All the events and fundraisers ACHA has hosted would not be possible without the long list of generous volunteers for their time, in-kind support and generosity! It is possible in the list below, we may have missed a few names, in which case, we ask that you please write to to let us know the names we might have overlooked unintentionally. Thank you to all our volunteers and in-kind supporters listed below and those we many have possibly missed:
Tsering Wangmo Aki (CA)
Elma Baata (CA)
Jennifer Berezan (CA)
Rachel Bonn (CA)
Lori Bonn (CA)
Anupama Chapagain (CA)
Lhamo Dolma (CA)
Tsering Wangmo Dhompa (CA)
Amisha Hada (CA)
Enkhbold Jambajav (CA)
Carol Keslar (CA)
Sonam Lama (CA)
Tenzin Losel (India/CA)
Khunkyi Malampa (NY)
Joanna Macy (CA)
Beckie Masaki (CA)
Ellie McCutchson (CA)
Dhondup Namgyal (CA)
Tenzing Norsang (CA)
Jampa Phuntsok (CA)
Maria Segarra (CA)
Dechen Shak-Dagsey (Switzerland)
Tsetan Shaklo (CA)
Nisha Thapa (CA)
Hillery Trippe (CA)
Chunpo Tsering (CA)
Tenzin Tsomo (CA)
Lobsang Wangdu (CA)
Tsering Yangkey (CA)
Tsering Youdon (CA)

International Work

Small Grants for Tibetans in the Himalayan Region
We disburse small grants to support existing women-led initiatives and projects that empower women, particularly in Tibet under our three themes of Girls’ Education, Women’s Health, and Women’s Leadership. The support always goes to grassroots initiatives by Tibetan women for seniors without family, single mothers, widows, victims of DV/GBV and girl orphans, etc. particularly in very marginalized settlements and conditions.
Programs We Have Supported
Momo-Popo Fund: We began this initiative in collaboration with an ongoing program in India that supports seniors who have no family or financial support for pilgrimages, an important ritual for aging Tibetan Buddhists. A garage sale on Christmas Eve 2011 and individual donations helped raise $2000 toward the costs of 108 senior (ages 70+) Tibetan pilgrims to the 2012 Kalachakra Teachings in
Bodhgaya, India. ACHA is grateful to the many donors who made this special spiritual initiative possible.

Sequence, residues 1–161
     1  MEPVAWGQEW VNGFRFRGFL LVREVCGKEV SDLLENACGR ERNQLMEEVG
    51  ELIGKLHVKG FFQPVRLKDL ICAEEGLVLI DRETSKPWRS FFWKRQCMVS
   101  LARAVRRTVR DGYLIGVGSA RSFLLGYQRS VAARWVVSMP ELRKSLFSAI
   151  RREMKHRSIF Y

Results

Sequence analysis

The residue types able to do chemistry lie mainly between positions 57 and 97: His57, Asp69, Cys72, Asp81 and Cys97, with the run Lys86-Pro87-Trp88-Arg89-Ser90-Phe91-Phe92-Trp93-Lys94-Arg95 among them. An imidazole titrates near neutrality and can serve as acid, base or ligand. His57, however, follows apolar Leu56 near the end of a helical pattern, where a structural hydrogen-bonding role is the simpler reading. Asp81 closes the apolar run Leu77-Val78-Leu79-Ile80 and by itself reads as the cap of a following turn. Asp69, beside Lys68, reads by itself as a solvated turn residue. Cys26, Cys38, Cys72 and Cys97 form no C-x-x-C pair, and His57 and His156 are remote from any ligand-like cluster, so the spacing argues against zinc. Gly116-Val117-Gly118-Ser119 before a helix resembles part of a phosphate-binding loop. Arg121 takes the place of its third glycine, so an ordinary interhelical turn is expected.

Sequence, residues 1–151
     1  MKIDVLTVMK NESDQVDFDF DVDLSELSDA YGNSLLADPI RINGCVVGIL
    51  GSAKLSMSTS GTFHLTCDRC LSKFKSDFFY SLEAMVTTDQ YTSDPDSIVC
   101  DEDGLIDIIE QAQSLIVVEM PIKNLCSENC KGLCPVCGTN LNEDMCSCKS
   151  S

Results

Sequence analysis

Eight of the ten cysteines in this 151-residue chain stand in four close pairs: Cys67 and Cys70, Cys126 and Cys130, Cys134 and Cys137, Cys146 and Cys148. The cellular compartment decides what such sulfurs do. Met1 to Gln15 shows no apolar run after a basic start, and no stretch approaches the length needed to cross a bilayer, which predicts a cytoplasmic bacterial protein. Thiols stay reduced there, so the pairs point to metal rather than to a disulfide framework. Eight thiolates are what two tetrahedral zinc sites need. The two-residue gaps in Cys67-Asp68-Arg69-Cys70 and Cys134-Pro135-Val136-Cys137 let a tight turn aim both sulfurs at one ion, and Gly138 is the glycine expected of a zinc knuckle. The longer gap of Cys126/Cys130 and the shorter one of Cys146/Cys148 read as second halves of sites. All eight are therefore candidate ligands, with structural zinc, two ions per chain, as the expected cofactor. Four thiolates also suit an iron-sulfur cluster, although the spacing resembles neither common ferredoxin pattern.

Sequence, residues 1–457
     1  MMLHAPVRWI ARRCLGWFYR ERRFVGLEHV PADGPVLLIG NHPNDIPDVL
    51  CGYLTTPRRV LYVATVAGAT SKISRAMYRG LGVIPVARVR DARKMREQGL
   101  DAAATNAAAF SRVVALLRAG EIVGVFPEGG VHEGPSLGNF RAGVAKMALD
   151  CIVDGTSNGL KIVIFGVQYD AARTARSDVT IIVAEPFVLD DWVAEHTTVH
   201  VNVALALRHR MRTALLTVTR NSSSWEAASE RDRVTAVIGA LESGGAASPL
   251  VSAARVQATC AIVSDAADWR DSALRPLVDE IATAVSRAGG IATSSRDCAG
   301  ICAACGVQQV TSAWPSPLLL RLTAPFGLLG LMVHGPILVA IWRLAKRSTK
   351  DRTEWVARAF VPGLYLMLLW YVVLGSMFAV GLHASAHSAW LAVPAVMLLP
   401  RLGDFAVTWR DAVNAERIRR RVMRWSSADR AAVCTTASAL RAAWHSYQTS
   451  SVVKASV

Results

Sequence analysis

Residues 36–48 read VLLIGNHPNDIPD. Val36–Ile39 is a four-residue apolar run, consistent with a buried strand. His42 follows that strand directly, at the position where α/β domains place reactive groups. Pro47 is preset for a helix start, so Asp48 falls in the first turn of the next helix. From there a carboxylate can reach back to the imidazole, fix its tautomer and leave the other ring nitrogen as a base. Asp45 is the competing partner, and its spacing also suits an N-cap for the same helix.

Hand on Help Project: Tsering Dolkar, a young Tibetan who is known as the ‘Tibetan Mother Teresa’, runs a small social care program in Chandigarh, North India. ACHA is delighted to be offering some support toward the health care of several of their terminally ill patients. Beneficiaries of Hand on Help Project are under treatment for a range of diseases including hepatitis; various forms of cancer such as lung, bone, prostate and throat, heart and digestion problems, as well as some cases of HIV/AIDS. Hands on Help provides accommodation, transportation to and from the hospital, making appointments, interpreting between doctors and patients, explaining special diets and medication, collecting prescriptions, providing emotional support and arranging funerals as and when necessary. ACHA raised $350 through a birthday party donation and will be raising more funds for Tibet’s “Mother Teresa”!





ACHA Rebuilding and Resiliency Fund for Nepal

Give with an Open Heart to ACHA Rebuilding and Resiliency Fund Online


Make your checks payable to “MACHIK” and please put “ACHA Nepal Rebuilding and Resilience Fund” in the memo – very important. If you are on the East Coast, please mail them to: ACHA Himalayan Sisterhood (c/o Tsechu Dolma) 42-24-64street,Woodside, NY 11377 .               OR If you are on the West Coast, you can mail them to: ACHA Himalayan Sisterhood (c/o Dechen Tsering) 1728 10th Street, Berkeley, CA 94710.